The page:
These pushups can be tough for beginners and some women, whose upper bodies are typically not as developed as males. If you can’t manage to do these clapping pushups, you can use a wall instead of the floor. The resistance is less but you will still gain from it.
- Get down on the floor into a pushup position with arms extended. You should be on your toes with your body as straight as possible. Your head and chest should be about as far from the ground as the length of your arms.
- Lower yourself to the floor so that your body is almost touching it.
- With a burst, push off the floor and clap both hands together.
- After clapping both hands together, return your hands to the same position on the floor. At this point your arms should be nearly full extended.
- This is one rep. Repeat continuously without stopping until all reps are completed.
Again, if this is too difficult, you can lean against a wall and do them. If you can only do a few on the floor, do one and wait 3-5 seconds, then do another and so on until you go to failure. With consistent practice, almost everyone can build up to at least 5 reps of clapping pushups on the ground.
Try going to failure on your first set. Take a minute to rest and then do another set to failure. Failure means performing reps until you can no longer carry out a single rep. Unlike heavy weights, this exercise won’t make you sore, strain your muscles or injure you. You can do this exercise every day if you want, but 2-3 times per week is fine for any level.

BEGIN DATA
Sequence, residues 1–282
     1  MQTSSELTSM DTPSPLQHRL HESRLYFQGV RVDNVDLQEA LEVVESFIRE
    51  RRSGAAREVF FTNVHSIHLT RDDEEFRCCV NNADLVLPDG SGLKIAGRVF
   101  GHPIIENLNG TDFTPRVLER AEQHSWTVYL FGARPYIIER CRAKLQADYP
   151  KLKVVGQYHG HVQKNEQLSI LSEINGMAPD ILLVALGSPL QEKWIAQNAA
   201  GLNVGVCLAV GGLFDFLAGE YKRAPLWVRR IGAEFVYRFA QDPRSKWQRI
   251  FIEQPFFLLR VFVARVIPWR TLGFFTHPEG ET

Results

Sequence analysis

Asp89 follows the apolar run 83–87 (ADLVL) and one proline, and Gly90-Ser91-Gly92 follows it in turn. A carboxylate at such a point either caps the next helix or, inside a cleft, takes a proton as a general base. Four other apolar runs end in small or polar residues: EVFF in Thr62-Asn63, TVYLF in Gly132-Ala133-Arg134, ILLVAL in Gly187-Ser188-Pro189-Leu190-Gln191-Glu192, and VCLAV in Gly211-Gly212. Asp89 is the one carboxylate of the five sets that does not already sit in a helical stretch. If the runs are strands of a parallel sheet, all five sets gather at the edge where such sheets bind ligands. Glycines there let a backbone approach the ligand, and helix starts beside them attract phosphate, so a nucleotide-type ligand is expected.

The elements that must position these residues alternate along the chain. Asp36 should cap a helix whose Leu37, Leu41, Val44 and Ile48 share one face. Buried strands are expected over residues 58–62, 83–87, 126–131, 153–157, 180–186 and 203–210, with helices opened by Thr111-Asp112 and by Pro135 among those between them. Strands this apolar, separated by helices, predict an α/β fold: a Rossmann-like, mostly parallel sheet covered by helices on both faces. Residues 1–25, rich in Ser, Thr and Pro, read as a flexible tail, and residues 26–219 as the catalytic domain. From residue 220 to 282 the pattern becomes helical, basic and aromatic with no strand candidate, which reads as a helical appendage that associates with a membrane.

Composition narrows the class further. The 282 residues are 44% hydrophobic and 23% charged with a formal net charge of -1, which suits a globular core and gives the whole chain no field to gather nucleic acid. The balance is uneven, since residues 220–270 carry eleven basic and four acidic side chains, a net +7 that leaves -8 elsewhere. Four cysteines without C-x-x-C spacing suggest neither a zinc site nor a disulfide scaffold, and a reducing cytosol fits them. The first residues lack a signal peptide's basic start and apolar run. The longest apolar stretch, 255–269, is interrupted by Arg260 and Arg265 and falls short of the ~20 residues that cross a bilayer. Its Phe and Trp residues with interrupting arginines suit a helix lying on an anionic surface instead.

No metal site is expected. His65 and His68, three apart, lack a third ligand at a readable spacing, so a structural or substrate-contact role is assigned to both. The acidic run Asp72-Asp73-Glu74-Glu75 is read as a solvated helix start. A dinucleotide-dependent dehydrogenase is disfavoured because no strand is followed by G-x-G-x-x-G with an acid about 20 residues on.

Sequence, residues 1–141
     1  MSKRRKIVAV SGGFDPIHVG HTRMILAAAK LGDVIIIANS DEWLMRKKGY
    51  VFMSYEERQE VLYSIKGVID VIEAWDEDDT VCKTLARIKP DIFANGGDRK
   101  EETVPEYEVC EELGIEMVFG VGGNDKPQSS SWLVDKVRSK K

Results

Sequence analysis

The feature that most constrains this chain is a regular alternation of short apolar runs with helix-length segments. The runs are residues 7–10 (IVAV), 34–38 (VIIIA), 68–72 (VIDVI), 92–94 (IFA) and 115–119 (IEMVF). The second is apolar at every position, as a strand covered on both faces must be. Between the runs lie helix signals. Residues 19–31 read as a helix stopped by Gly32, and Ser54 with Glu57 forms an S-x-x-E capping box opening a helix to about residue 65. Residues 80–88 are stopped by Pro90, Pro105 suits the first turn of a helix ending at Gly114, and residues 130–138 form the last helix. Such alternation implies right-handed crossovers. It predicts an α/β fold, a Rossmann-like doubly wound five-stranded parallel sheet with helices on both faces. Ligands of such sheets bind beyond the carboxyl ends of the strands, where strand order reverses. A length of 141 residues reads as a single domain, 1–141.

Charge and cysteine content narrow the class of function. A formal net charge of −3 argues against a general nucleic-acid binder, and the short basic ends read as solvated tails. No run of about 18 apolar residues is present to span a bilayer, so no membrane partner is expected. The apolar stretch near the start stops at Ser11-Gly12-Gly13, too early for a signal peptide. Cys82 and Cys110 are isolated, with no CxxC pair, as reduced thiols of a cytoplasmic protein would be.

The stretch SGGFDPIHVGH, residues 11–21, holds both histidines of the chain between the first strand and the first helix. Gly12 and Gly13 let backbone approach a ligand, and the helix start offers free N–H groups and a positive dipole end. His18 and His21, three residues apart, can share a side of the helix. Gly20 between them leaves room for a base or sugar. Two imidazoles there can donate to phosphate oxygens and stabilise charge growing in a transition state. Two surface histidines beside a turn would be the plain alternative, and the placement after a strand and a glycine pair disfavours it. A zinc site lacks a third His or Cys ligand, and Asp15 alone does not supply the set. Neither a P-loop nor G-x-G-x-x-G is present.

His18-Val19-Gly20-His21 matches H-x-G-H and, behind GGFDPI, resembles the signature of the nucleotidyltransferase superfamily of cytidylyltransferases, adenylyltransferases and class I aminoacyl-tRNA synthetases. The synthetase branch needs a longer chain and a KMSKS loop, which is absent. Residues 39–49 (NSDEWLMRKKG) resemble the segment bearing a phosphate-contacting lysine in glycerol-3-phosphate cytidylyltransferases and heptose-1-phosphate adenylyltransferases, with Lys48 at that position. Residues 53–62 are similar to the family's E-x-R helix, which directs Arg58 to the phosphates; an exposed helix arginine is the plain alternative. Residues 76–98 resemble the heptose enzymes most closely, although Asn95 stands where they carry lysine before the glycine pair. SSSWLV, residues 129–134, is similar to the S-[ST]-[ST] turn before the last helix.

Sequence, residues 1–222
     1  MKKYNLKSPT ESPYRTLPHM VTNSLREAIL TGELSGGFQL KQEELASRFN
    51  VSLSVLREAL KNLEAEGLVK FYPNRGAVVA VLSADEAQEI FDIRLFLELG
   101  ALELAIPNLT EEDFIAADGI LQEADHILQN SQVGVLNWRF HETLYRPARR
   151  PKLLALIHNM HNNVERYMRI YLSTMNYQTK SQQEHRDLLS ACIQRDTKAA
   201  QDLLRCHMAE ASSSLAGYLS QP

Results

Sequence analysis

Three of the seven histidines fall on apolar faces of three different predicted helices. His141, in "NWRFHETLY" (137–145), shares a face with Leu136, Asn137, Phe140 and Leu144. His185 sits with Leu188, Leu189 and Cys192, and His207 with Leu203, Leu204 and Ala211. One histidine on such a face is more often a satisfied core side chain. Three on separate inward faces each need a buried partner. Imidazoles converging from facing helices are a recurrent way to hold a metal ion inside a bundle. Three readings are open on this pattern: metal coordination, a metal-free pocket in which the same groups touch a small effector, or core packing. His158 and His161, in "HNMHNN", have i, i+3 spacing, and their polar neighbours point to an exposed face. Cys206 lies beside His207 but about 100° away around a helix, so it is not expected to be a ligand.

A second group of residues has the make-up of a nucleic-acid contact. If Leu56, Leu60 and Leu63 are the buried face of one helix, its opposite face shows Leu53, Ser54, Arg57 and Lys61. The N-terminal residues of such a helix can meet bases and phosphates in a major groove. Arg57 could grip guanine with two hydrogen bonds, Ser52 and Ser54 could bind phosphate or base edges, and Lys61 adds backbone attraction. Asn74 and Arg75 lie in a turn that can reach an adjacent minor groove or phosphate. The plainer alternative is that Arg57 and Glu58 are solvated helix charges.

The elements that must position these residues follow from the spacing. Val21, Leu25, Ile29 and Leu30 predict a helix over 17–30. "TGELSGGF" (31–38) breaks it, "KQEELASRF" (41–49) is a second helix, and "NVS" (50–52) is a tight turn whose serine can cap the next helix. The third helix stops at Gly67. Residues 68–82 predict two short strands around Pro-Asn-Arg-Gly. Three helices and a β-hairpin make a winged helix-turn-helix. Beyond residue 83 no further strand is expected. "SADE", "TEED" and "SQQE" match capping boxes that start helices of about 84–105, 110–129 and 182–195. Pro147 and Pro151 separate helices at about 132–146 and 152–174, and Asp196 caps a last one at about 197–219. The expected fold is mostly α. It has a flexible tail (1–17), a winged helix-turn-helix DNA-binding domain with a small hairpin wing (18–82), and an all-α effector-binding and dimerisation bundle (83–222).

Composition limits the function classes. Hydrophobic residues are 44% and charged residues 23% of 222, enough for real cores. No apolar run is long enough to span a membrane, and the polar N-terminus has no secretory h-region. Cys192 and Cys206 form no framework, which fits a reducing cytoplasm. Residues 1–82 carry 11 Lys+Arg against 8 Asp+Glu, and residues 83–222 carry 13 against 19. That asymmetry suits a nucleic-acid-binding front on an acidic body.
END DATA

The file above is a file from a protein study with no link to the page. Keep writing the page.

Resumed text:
For this drill, you’ll need a medicine ball. A 5-8 lb. ball is good for most people; kids can use a 3-5 lb. ball. I wouldn’t recommend using anything other than a medicine ball for the resistance. If a medicine ball drops, it won’t damage the floor and it’s soft enough that it won’t hurt anyone.
What I like about the medicine ball is that you can mimic tennis strokes with it from all different stances. Unlike resistance bands (which we’ll get to soon) you can fling the medicine ball away from you, which builds up core strength. This is a great plyometric exercise for tennis and one of the best for improving weight transfer on groundstrokes.
There are three variations of this exercise. We’ll go through all of them. Children and adults both can benefit greatly from this drill. If you can incorporate it into your routine twice a week, you’ll see improved technique and power on both your forehand and backhand groundstrokes.